Dispelling nutrition myths, ranting, and occasionally, raving

Local Food Week: A cafe owner

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Today’s post comes from Juliet DeWal, owner of my fave local cafe (Urban Escape). The first time I met Juliet was the weekend after my boyfriend and I moved to Belleville. We wandered in after a trip to the farmer’s market and thus, a weekly tradition of market/coffee/butter tarts was born. She immediately knew we were new to town and made us feel more welcome than anywhere back home ever had. It didn’t hurt that she insisted our first visit was on her; something we’ve since seen her do with every first-time customer. For more from Juliet, follow her on Twitter @julietdewal and for her beautiful photos, on Instagram @juliet_dewal and if you’re ever in Belleville (or just passing by on the 401) visit her at Urban Escape.

A Longer Table

There’s a quote we refer to often at the café; in fact, it’s one we have up as the banner photo for our Facebook page:

If you are more fortunate than others, it’s better to build a longer table than a taller fence.

Coming from a large family (fourteen of us!), the table has always been a huge part of my life. Things discussed over dinner, coffee on a Sunday morning after church, breakfasts and tea breaks, homework spread out when projects are due, the careful scrawl of essays, board games and puzzles—much life gets lived around a cup of coffee, a plate of food and things spread out. Love grows, arguments stir (that one time I ended up with a fork accidentally impaled in my hand!), life is sorted and wisdom absorbed.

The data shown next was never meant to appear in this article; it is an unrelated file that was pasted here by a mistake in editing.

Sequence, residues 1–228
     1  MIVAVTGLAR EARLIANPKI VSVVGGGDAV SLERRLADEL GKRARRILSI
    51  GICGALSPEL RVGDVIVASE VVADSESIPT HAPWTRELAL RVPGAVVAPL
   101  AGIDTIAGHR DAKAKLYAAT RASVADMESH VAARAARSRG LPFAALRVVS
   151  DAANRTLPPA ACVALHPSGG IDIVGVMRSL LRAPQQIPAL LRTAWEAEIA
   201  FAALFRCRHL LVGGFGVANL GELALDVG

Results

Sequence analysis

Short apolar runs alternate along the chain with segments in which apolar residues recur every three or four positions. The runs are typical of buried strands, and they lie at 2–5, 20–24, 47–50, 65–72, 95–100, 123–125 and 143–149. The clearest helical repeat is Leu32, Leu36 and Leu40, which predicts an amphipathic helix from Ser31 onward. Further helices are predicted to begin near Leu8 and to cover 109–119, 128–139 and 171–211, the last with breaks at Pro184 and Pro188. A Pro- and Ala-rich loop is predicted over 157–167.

It wasn’t an uncommon thing, in our house, for friends, family and visitors to stop by. And when they did, no matter how full or busy the table was, the visitor was welcome, a place cleared, chairs spread for another to join us.

As time moved on, I sat at other tables. I’ve had lonesome tables wherein I ate humble pie and nursed my cup of sorrows. I’ve been invited to tables, feasted on friendship and kindness. I’ve had sprawling tables surrounded by friends and family. I took my place at the head of the table and cleared space for others. I’ve spread my heart out in the form of Thanksgiving dinners and comfort foods, in cookies baked and meals scraped together in times of lack.

I suppose it was the love of those tables that led me to where I find myself now. Owning a café in a busy downtown hub brings a great number of folks to the table.

It starts first thing in the morning. A local carpenter pops in as I’m still prepping for the day. He sometimes sweeps the front stoop, or brings in the newspaper. Minutes later, one of our street folks comes in. She tells us of her night, asks about ours. We three share our first coffees of the day together. We’re an unlikely trio. A street person, a carpenter on his way to work after stopping to see his grandchildren and me…keeper of the coffee!

As the day goes on, an amazing thing happens. The table gets longer. As folks come and go—strangers and friends alike—tables are pushed together. People are welcomed. Women slide in beside the elderly. Retirees rock babies shown off by women on the fragile legs of new motherhood. Construction workers pop in for their 15-minute breaks. Retired school teachers share crossword puzzles with joggers and military folks.